Many people practice yoga every day and swear by its healing properties, which are believed to have a positive effect on stress and overall improvements in one’s health and wellbeing. Can these great benefits translate to addiction recovery as well? If so, what are some of the best ways to break into yoga when it’s an unfamiliar concept? We’ll look into the possibility of yoga preventing relapse and helping recovering addicts stay sober ahead.

 

Yoga for Addiction Recovery: Does it work?

First, to understand its beneficial properties, one must understand what yoga is—a Hindu spiritual and ascetic discipline, a part of which, including breath control, simple meditation, and the adoption of specific bodily postures, is widely practiced for health and relaxation. There are eight “limbs” of yoga, the most popular one in the West being the third limb, yoga asana, or the “yoga of postures.” Traditionally, yoga includes practicing right living, ethics, and dedication to a spiritual path.

Julien Gryp, co-director and founder of an addiction recovery center in Thailand called the New Life Foundation. He believes addicts are out-of-control internally, and yoga can help create a peaceful union of body, mind, and spirit. Yoga also has the power to increase mental and physical stamina, thus making addicts less susceptible to stress, therefore able to resist urges to use again. Gryp also believes learning to focus on awareness while practicing yoga helps addicts listen to their bodies and eventually achieve true meditation.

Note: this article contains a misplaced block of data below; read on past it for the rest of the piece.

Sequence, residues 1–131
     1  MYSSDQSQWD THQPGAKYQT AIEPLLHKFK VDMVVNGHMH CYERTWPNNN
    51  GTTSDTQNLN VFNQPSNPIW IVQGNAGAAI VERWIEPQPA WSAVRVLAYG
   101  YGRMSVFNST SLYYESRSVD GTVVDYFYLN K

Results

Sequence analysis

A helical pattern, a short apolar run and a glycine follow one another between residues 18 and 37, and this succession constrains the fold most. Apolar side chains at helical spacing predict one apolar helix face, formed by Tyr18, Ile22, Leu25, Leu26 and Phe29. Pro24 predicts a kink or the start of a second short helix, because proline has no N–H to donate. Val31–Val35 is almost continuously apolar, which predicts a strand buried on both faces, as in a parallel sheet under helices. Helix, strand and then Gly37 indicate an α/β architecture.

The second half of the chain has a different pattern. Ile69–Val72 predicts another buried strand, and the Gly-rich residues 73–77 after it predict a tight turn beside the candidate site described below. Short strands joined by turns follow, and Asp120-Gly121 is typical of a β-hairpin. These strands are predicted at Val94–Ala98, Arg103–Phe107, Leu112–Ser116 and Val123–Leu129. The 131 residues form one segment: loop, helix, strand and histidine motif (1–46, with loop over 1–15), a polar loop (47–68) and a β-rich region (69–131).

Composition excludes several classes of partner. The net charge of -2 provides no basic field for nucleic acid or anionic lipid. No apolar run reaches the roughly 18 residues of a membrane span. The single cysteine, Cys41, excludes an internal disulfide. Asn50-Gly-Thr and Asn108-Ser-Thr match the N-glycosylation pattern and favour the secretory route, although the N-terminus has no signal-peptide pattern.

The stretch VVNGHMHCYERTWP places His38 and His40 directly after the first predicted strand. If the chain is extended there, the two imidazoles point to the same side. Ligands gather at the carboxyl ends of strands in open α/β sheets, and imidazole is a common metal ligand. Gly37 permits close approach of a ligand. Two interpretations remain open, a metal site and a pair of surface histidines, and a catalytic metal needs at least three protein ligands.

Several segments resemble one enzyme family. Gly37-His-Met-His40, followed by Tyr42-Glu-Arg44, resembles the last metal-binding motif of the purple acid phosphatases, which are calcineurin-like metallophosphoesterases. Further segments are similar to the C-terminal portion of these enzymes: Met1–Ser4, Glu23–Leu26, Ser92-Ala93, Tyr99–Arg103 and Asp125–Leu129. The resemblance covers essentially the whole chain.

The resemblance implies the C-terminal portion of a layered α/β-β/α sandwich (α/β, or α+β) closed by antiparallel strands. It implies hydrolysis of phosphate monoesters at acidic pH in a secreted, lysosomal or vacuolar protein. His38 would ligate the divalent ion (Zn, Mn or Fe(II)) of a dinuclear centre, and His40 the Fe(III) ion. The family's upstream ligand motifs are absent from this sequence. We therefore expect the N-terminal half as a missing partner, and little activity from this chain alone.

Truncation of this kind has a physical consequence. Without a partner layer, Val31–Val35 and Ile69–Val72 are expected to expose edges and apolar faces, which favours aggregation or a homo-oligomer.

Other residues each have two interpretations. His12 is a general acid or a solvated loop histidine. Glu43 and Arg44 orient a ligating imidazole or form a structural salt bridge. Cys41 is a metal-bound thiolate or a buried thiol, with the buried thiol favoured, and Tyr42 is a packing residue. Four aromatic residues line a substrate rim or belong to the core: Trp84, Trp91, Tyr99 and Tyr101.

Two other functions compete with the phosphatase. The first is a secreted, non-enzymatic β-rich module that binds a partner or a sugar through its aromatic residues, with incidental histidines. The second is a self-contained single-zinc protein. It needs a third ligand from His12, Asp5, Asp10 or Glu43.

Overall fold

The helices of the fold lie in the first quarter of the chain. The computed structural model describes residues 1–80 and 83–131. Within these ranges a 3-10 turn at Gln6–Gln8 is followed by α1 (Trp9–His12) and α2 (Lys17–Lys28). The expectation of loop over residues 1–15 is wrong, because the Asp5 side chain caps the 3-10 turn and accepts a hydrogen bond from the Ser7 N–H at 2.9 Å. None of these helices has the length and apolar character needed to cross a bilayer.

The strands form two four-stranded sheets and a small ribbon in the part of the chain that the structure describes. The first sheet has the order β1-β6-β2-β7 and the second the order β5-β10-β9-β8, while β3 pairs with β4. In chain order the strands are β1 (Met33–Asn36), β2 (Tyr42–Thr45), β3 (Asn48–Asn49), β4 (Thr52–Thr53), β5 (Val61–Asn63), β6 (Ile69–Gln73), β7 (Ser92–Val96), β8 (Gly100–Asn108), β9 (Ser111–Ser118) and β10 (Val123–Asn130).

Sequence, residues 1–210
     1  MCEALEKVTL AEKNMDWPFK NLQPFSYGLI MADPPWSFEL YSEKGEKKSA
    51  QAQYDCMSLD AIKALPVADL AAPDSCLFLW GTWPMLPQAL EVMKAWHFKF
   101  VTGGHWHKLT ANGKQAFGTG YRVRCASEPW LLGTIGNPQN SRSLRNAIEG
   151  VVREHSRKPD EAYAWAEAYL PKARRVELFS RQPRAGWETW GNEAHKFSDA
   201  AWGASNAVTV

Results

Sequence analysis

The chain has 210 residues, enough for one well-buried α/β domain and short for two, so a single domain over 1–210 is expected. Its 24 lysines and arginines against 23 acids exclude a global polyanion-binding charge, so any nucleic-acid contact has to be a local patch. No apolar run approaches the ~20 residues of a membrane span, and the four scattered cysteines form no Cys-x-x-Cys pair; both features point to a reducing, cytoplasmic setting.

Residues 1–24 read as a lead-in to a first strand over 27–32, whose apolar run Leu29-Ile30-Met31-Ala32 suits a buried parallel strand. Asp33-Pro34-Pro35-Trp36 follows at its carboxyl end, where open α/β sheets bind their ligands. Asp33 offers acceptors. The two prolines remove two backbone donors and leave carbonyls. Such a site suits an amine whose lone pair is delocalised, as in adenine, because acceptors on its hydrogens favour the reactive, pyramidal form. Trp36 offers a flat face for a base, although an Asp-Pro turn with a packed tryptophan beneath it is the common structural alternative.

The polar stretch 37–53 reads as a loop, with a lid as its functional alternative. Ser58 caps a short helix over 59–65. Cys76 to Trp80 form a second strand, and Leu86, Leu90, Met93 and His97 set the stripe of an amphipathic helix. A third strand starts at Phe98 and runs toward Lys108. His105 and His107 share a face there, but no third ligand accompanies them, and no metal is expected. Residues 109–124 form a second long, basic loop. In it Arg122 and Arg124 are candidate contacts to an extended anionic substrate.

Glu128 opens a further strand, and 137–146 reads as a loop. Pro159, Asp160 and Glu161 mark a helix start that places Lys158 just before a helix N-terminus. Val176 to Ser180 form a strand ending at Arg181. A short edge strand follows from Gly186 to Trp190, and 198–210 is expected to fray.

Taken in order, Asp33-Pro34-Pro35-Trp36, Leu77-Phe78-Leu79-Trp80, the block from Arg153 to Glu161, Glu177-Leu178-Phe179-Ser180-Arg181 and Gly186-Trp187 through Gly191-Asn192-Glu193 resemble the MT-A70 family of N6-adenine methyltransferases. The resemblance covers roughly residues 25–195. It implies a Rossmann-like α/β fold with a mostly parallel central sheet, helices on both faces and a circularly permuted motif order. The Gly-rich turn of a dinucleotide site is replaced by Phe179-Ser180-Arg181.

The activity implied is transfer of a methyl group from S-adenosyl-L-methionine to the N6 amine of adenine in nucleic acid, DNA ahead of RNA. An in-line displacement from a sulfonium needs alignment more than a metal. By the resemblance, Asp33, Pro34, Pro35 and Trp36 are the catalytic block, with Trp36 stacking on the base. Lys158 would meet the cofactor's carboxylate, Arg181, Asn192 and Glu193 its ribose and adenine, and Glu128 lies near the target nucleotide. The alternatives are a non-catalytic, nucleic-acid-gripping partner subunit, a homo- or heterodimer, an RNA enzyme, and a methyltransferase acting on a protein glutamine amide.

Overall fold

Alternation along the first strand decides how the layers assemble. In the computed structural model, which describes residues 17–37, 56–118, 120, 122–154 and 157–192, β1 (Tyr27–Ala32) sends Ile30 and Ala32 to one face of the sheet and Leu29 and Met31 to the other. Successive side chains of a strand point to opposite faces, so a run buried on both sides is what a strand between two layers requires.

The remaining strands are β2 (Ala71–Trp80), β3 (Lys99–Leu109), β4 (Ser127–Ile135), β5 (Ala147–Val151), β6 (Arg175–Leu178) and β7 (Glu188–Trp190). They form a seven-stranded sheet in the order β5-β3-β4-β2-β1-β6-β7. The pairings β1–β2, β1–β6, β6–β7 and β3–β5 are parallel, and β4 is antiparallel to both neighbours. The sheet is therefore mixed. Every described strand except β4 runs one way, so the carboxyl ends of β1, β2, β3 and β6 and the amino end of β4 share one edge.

Some popular types of yoga include Anusara, Ashtanga, Bikram, Iyengar, Jivamukti, Purna, Sivananda, and Vinyasa. Generally, it is best to practice yoga under the supervision of a teacher when first learning. This is due to the importance of the body—particularly the spine—being aligned. There are many stretches in yoga that can lead to ligament, muscle, or tendon strain if done improperly.

Yoga teachers are also helpful to teach the proper way to breath and practice mindfulness while holding a specific posture. Mindfulness means maintaining a moment-by-moment awareness of our thoughts, feelings, bodily sensations, and surrounding environment. When we practice mindfulness, our thoughts tune into what we’re sensing in the present moment rather than rehashing the past or imagining the future. This can be helpful in dealing with stressful situations in life and making it through without turning to drugs or alcohol.

 

So, the answer is yes, yoga can help with addiction recovery, but there is more to it than simply taking up yoga to treat an addiction. For further information about addiction recovery and yoga, contact Treatment Now today at 844-438-8689

 

 

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